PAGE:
Rape culture, misogyny, victim blaming and doubt: still rife in the media.

I shouldn’t have to be posting yet another blog on rape culture, victim blaming and shaming, misogyny and categorisation of sexual crimes. I really am running out of patience with who think it’s okay to say things like some rape and sexual assault is more serious than others, who think it is okay to say rape isn’t quite as serious if the woman is over the age of consent and if rape allegations don’t end in conviction, the rape did not take place.

This week I had the misfortune of having to watch The Wright Stuff on channel 5. What I saw there was beyond my comprehension. Three men sat on this panel discussing rape and sexual assault. Some of them said things like rape isn’t as serious if the woman is over consent, suspect’s identities should be kept secret in case of repurcussions, there was a woman who had phoned in saying her husband was falsely accused of sexual assault and how it was ruining his life. There was no mention of the woman who had made this accusation and what lead her to actually make the accusation. How does this woman even know the man was ‘falsely’ accused?

It shows you what kind of society we live in when the media are quick to try and disprove claims that a man has sexually assaulted a woman.

As a society, when it comes to the victims of crime, we are often very sympathetic and seek justice for them. However, this seems to change when victims of sexual assault come into question. They are often doubted and in some cases even blamed for their own predicament.

When I was fourteen years old, I was sexually assaulted in my school playground by a boy I thought was my friend. It isn’t something you expect to happen to you in the place where you’re supposed to feel safe. I was highly distressed, I went straight to my guidance teacher, who asked if I was ‘sure that’s what he was doing’ and asked me lots of questions so that she wouldn’t have any paperwork and so that it would look like I was over exaggerating. The police were not called, as they should be when a criminal offence takes place in a school and my accusation was swept under the rug and there was no action taken.

That was seven years ago, I’m not sure how things work nowadays, but what kind of society do we live in when a young girl goes to her school with a sexual assault accusation and they essentially do not believe her? You can see why the conviction rate and report of rape and sexual assault is so low when young women courageously report their perpetrator only to be shot down in flames.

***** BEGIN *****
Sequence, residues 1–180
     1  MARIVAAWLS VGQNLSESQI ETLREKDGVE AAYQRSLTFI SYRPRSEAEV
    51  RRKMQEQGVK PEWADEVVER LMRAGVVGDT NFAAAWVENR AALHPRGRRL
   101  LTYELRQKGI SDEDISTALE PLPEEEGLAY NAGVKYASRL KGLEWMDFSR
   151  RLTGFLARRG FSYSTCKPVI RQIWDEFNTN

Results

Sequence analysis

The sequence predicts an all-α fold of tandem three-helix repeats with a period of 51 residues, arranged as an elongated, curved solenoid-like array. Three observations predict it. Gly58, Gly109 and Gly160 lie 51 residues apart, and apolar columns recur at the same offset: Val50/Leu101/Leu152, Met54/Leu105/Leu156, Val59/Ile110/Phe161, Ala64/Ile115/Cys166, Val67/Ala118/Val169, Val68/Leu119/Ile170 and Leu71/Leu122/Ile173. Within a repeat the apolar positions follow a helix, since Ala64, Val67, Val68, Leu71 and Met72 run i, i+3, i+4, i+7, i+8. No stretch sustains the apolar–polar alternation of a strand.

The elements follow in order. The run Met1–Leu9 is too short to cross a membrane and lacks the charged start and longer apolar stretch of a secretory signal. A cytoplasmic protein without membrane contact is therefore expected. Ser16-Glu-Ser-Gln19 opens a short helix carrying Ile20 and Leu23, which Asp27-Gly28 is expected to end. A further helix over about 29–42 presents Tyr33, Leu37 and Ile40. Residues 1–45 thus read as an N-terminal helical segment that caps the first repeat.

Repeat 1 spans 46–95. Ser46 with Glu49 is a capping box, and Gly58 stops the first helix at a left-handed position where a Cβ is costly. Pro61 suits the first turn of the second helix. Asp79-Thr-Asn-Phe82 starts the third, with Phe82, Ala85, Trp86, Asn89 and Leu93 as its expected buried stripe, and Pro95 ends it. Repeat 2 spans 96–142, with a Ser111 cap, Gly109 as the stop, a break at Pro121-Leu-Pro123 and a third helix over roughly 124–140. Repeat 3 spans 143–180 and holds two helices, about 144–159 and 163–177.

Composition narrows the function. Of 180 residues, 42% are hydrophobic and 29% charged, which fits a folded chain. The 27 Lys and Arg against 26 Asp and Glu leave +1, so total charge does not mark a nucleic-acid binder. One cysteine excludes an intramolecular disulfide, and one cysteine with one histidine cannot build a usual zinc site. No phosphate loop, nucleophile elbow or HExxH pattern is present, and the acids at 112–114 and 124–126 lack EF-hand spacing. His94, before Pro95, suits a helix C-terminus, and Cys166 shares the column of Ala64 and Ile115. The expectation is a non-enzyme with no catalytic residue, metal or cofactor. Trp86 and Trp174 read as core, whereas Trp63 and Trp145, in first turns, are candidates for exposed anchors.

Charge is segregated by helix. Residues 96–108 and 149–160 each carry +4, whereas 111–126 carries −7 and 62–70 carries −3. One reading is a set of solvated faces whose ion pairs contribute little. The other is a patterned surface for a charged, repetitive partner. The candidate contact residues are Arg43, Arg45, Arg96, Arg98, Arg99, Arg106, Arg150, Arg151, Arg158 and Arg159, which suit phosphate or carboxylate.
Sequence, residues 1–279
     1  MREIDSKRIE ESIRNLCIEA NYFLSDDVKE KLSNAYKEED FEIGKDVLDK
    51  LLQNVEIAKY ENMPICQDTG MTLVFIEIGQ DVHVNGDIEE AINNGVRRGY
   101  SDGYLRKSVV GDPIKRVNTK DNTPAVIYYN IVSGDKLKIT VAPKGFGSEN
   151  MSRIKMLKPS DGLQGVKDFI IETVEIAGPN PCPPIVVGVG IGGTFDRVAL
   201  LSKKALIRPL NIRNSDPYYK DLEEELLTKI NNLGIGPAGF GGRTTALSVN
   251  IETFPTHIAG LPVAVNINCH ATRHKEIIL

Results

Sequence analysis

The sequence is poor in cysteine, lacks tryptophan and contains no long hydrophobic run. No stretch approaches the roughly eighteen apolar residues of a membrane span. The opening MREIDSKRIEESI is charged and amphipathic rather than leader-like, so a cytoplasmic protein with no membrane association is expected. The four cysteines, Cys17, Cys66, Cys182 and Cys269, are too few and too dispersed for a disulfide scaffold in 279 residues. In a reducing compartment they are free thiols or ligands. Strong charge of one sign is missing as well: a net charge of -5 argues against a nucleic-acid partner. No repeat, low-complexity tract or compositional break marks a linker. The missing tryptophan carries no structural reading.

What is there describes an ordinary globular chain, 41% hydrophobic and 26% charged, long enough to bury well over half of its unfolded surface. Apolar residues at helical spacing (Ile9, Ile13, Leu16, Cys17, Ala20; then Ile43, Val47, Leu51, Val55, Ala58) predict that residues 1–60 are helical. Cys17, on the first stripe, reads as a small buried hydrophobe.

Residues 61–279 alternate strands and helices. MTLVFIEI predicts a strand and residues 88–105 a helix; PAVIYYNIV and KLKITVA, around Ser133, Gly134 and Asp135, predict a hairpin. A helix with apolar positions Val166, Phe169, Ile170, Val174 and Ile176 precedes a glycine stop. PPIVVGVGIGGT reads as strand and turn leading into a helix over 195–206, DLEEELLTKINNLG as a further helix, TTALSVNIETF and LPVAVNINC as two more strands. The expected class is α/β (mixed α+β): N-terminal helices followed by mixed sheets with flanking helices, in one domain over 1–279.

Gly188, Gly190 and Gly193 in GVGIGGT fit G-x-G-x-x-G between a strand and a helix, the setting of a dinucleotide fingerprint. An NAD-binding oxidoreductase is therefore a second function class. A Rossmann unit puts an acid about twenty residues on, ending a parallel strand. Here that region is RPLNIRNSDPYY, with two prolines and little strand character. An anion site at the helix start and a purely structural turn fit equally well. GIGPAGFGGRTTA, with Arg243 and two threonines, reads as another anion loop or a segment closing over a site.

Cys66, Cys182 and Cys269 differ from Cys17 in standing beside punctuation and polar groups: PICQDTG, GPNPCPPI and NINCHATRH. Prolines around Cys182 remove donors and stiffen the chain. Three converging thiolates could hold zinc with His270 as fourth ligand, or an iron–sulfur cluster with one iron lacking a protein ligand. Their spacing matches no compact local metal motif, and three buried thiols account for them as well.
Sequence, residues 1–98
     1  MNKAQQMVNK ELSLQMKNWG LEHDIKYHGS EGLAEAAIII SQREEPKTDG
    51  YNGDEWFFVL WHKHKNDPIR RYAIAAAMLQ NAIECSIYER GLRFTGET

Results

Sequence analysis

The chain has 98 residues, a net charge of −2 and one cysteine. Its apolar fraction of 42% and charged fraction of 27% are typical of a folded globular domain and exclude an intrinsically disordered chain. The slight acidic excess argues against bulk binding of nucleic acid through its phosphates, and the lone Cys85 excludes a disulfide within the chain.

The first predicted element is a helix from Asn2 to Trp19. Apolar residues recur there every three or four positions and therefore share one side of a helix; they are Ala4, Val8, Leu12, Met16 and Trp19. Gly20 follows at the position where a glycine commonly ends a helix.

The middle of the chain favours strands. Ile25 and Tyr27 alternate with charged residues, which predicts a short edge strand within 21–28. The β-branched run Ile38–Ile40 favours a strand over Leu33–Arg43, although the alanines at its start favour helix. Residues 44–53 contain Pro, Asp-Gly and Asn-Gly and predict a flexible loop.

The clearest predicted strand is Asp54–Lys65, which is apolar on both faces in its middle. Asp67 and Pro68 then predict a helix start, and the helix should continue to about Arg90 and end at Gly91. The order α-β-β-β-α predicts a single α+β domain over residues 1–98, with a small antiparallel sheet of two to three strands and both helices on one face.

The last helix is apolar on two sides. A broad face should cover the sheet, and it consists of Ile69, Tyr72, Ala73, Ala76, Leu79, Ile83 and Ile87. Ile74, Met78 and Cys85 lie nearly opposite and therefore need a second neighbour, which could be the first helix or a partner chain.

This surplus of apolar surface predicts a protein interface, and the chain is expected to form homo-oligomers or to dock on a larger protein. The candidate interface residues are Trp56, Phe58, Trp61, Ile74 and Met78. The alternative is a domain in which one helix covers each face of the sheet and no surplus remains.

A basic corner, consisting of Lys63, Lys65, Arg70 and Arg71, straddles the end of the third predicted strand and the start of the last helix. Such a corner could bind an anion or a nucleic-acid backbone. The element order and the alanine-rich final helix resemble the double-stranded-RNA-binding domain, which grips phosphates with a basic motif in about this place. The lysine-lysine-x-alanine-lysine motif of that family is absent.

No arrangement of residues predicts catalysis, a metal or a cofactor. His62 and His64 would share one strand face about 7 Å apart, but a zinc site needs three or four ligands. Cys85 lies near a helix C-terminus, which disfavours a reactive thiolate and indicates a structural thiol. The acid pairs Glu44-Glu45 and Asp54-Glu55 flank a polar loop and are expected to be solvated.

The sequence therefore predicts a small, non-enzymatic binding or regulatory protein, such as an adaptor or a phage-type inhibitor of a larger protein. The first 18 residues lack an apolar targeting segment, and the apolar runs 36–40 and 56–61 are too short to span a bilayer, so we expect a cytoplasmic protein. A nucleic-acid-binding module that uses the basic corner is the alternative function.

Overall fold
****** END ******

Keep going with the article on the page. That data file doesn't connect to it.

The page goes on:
The belief that there is also levels of seriousness when it comes to sexual assault is also highly disgusting to victims. I was arguing with someone on twitter, and in fact still am, who said raping someone is more serious than a man putting his hand up a nine year old’s skirt. I called him out and said one isn’t as serious as the other becausd they’re both pretty damn serious. What kind of message does that send to a woman who has been touched inapropriately? She’s going to think the police won’t treat her with as much concern as a rape victim and that is seriously wrong.

That brings me to Question Time last night with the vile Jerry Hayes, rape apologist. Hayes defends rapists in court. That says it all about what I’m about to say. Hayes believed that if the accusation of rape does not result in conviction, then the rape did not take place. This was astounding. Espeially for Germaine Greer who said in rape cases, the burden of proof is too heavy. She also said victims shouldn’t have anonimity because it makes them more ashamed than they should be, and they shouldn’t be ashamed. No, a victim shouldn’t be ashamed, but she has every right to be scared. Rape and sexual assault do often tend to trigger flashbacks, it’s a bit more psychological than shame. Imagine then, having to stand up in court facing your attacker without the protection of anonimity?

There are many questions and issues that have to be addressed here. They won’t end with an angry blog post from a student, but with action. So every time you see someone posting a misogynistic tweet or facebook status, call them out on it. Every time you see rape apologist sympathy in the media, challenge it and any time you ever become a victim of sexual assault. Report it.


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